Associated Press
European leaders confer at the start of a meeting of the International Monetary and Financial Committee (IMFC) at the spring meetings of the IMF/World Bank in Washington, Saturday, April 16, 2011. Europe is looking to the IMF again for help in the euro crisis.

WASHINGTON — Leaders in Europe are looking outside the Continent for help solving the longstanding crisis over the euro, but while the International Monetary Fund may be able to help, it will not be the magic wand they seek.

The fund may be asked to assist further as leaders of the 17 European Union nations that use the euro meet to prepare for a summit meeting Thursday and Friday. Chancellor Angela Merkel of Germany and President Nicolas Sarkozy of France are scheduled to hold talks in Paris on Monday, and U.S. Treasury Secretary Timothy F. Geithner is meeting with Europe's leaders later in the week.

The IMF lacks the resources to create the much-discussed "firewall" to keep interest rates at sustainable levels for troubled eurozone economies; Italy and Spain together have total debts of more than $3.3 trillion, with Italy about to roll over $276 billion in debt over in the next six months and Spain about $150 billion. Just those two rollovers would wipe out the amount the fund has available to lend worldwide, about $400 billion.

A senior Treasury official said that the IMF might provide "additional, spare-tire capacity" by contributing some financing, but that Europe would primarily use its own resources to wrestle down interest rates and keep countries like Spain solvent.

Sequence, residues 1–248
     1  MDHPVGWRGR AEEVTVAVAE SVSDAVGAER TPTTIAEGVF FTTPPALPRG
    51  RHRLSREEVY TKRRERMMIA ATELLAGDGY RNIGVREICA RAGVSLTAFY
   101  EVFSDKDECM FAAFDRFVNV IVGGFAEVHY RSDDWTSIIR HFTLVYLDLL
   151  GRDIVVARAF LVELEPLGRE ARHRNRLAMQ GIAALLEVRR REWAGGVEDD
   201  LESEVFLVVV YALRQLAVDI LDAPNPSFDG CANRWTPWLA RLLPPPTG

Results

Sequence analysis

"Europe is rich enough. It is not in net deficit, when you balance out all of the trade deficits and surpluses," says Raghuram Rajan, a professor at the University of Chicago and former chief economist at the IMF. "What Europe needs right now is money that is willing to absorb losses — and the IMF is not going to provide the money that absorbs losses."

Analysts say that Europe will need to provide the bulk of that money itself: through the European Central Bank; the European bailout fund, called the European Financial Stability Facility; or transfers from fiscally sound countries like Germany.

Consideration of how to use IMF resources and expertise started in earnest at the Cannes summit meeting in early November. The final communique ordered finance ministers to develop plans for "deploying a range of various options" for the fund to help bring down borrowing costs.

Some of the options appear to be more likely than others. One is a plan to have eurozone central banks lend money to the IMF. A second plan would have the IMF create new special drawing rights to grant to member countries.